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How to Write a Product Review that Puts People in the Buying Mood

How to Write a Product Review that Puts People in the Buying Mood

Those who run websites or online blogs are familiar with the process of writing product reviews. Whether they write a product review as an affiliate or just as a fan of the product, the review has the potential to make sales. The better the review, the higher ranked it will be in the search engine results. This has the potential to continue making sales for not just weeks or months, but years.

1. Product images and videos

An image or video of the product or service that is being reviewed should always be included. You can use a picture of the product that you’ve taken yourself, you can use a picture from the company’s website, or you can take a picture of yourself using the product. Depending on what the product is, you can also include before and after pictures. When including a video, you can screen cast for digital products, record unboxing a physical product, or a video using the product.

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2. Product description

The product should be described in detail including the size, features, ordering process, package and delivery details, benefits, expected results, and your specific results. Consumers want to feel confident that if they order the product today, they will receive what is expected. Personal experience and personal thoughts are what makes a good product review. The reader then can relate through the review and can picture him or herself in your position.

3. Buyer description

This is where the review will describe who the product is intended for, as well as who it is not for. Depending on the product, it might not be a fit for everyone—just look at the plethora of toothpaste choices in the grocery store. The review should describe the ideal buyer and the viewer should be able to easily decide if the product is right for them or not. If there are two or more products that are similar but are aimed at different people, include the alternate recommendation for people who might need the similar product.

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4. Proof

There should be two types of proof that are included in the product review. Proof that the reviewer it did actually review the product, and proof that the product does work. Lots of people express skepticism of product reviews and do believe that product review sites are biased and that the reviews are based on compensation or payment. The proof can be produced by photos or videos, by providing a description of the product that is more in depth than the website, by mentioning additional features or bonuses that are not advertised, and by bringing to light the negatives.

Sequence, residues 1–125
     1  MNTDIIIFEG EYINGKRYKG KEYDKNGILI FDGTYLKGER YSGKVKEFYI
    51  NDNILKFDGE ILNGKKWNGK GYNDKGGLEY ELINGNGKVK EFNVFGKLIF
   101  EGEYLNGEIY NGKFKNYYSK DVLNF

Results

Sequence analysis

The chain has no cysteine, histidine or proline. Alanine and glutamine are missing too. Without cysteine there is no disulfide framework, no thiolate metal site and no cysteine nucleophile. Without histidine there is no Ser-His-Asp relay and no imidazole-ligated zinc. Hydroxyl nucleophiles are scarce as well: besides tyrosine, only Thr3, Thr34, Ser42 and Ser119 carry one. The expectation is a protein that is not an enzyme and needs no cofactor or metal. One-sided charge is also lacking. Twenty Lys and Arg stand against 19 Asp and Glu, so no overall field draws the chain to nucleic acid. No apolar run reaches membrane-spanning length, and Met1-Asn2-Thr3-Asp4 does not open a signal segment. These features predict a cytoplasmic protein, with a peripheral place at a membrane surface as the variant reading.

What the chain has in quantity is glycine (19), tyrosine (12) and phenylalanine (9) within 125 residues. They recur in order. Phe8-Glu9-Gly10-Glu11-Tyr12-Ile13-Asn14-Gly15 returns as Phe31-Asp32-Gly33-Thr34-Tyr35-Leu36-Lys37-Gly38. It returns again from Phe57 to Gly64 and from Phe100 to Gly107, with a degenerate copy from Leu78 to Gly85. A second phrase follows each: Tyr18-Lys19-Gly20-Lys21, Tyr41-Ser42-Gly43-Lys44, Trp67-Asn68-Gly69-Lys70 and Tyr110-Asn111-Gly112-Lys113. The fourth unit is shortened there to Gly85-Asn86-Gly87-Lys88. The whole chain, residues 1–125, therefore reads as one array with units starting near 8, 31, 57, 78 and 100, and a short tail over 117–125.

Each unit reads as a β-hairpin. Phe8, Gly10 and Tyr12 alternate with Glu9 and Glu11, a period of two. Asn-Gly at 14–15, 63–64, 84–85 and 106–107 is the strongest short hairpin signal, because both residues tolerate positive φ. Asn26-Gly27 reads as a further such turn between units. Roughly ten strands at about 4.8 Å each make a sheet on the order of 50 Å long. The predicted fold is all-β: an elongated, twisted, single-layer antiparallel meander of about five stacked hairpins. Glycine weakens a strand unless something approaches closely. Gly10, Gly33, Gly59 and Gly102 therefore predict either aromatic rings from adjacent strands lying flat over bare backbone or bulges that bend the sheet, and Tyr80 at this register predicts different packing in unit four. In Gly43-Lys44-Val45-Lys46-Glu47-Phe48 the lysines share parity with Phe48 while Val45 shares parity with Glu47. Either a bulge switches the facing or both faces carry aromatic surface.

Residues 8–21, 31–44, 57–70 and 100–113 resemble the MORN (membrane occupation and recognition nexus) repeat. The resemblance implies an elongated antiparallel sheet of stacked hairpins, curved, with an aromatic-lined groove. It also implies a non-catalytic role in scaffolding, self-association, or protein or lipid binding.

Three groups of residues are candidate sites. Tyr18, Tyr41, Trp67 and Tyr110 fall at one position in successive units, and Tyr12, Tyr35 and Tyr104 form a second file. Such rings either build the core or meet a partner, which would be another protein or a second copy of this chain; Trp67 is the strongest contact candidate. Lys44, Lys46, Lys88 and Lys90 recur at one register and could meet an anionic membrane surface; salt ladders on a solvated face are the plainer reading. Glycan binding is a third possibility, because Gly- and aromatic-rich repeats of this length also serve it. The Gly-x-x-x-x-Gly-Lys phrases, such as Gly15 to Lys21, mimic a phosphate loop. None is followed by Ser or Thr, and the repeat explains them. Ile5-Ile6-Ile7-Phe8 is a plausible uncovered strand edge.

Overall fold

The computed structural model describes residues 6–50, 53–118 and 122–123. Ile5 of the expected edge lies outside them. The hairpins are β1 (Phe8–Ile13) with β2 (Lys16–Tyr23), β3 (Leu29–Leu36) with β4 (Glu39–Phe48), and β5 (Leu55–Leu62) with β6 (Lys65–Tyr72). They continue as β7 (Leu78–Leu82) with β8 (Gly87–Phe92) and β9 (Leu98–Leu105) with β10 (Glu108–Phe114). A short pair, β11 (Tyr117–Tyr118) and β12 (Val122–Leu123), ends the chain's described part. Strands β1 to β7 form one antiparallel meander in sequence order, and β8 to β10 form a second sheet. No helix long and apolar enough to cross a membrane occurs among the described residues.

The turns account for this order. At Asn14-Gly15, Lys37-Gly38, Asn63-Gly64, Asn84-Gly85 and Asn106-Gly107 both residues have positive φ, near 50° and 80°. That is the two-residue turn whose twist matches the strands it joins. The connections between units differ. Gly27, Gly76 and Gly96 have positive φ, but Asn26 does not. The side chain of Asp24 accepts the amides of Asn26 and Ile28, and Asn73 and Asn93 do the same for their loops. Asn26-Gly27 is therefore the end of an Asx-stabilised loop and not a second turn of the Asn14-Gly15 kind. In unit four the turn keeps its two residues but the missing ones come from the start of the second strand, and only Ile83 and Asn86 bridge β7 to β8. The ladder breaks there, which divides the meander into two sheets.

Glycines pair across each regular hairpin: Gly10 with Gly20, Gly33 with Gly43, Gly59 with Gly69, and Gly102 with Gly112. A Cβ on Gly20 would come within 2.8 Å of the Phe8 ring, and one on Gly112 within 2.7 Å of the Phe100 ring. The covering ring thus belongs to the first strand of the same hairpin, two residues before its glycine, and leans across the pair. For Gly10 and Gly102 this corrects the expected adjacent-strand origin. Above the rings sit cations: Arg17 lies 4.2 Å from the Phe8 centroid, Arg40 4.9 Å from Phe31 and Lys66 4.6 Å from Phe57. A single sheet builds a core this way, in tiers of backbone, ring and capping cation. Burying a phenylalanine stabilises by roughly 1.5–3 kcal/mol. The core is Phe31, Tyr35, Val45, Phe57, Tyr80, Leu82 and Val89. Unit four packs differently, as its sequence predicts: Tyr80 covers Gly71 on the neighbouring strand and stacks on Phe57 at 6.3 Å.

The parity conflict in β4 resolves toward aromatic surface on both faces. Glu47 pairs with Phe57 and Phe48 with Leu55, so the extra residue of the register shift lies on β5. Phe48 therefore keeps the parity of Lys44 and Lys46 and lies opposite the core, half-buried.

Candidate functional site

5. Negative

Pointing out the negatives with a product or with its ordering process will make the review objective. If the obvious negatives are not mentioned, it will increase the skepticism. Do not be afraid to tell the readers about the negatives; they are likely already thinking about it and now is your opportunity to address the thoughts and aid them in making an informed decision. When addressing the negatives, do immediately follow up with the solution or the reasoning which the negative did not deter you from the purchase.

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6. Call to action

This is a very important element. The call to action will tell the reader exactly what to do next and it should be very specific directions that have a smooth transition. It could look like a link that says “click here to download X” or “get free shipping by ordering through X.com”.

7. Keyword phrase

As with all pieces of content created for the Internet, it should be optimized using a specific keyword phrase. The review can be optimized for the actual product or the review can be framed around a problem or need. The keyword phrase it should be chosen so that the ideal reader is attracted.

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Featured photo credit: Roderick Eime via flickr.com

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Sasha Brown

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Last Updated on March 29, 2021

5 Types of Horrible Bosses and How to Beat Them All

5 Types of Horrible Bosses and How to Beat Them All

When I left university I took a job immediately, I had been lucky as I had spent a year earning almost nothing as an intern so I was offered a role. On my first day I found that I had not been allocated a desk, there was no one to greet me so I was left for some hours ignored. I happened to snipe about this to another employee at the coffee machine two things happened. The first was that the person I had complained to was my new manager’s wife, and the second was, in his own words, ‘that he would come down on me like a ton of bricks if I crossed him…’

What a great start to a job! I had moved to a new city, and had been at work for less than a morning when I had my first run in with the first style of bad manager. I didn’t stay long enough to find out what Mr Agressive would do next. Bad managers are a major issue. Research from Approved Index shows that more than four in ten employees (42%) state that they have previously quit a job because of a bad manager.

The Dream Type Of Manager

My best manager was a total opposite. A man who had been the head of the UK tax system and was working his retirement running a company I was a very junior and green employee for. I made a stupid mistake, one which cost a lot of time and money and I felt I was going to be sacked without doubt.